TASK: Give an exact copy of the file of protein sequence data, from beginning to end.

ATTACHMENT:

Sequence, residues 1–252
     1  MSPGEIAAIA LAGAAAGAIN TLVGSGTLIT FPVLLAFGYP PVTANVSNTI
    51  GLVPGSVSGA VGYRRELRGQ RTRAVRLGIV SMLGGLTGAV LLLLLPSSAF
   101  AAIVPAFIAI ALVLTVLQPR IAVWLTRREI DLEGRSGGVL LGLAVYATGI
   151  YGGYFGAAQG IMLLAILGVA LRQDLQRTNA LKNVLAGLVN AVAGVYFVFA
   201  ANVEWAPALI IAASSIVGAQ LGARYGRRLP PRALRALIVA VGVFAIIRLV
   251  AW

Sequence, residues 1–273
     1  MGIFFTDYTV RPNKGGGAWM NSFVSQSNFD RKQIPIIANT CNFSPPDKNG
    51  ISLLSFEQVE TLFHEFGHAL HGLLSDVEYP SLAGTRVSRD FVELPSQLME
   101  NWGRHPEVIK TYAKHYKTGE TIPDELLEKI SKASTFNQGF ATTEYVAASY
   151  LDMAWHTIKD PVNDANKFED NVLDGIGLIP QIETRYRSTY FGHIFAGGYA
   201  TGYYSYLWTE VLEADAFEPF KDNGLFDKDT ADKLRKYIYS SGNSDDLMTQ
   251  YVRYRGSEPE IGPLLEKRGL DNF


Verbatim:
Sequence, residues 1–252
     1  MSPGEIAAIA LAGAAAGAIN TLVGSGTLIT FPVLLAFGYP PVTANVSNTI
    51  GLVPGSVSGA VGYRRELRGQ RTRAVRLGIV SMLGGLTGAV LLLLLPSSAF
   101  AAIVPAFIAI ALVLTVLQPR IAVWLTRREI DLEGRSGGVL LGLAVYATGI
   151  YGGYFGAAQG IMLLAILGVA LRQDLQRTNA LKNVLAGLVN AVAGVYFVFA
   201  ANVEWAPALI IAASSIVGAQ LGARYGRRLP PRALRALIVA VGVFAIIRLV
   251  AW

Sequence, residues 1–273
     1  MGIFFTDYTV RPNKGGGAWM NSFVSQSNFD RKQIPIIANT CNFSPPDKNG
    51  ISLLSFEQVE TLFHEFGHAL HGLLSDVEYP SLAGTRVSRD FVELPSQLME
   101  NWGRHPEVIK TYAKHYKTGE TIPDELLEKI SKASTFNQGF ATTEYVAASY
   151  LDMAWHTIKD PVNDANKFED NVLDGIGLIP QIETRYRSTY FGHIFAGGYA
   201  TGYYSYLWTE VLEADAFEPF KDNGLFDKDT ADKLRKYIYS SGNSDDLMTQ
   251  YVRYRGSEPE IGPLLEKRGL DNF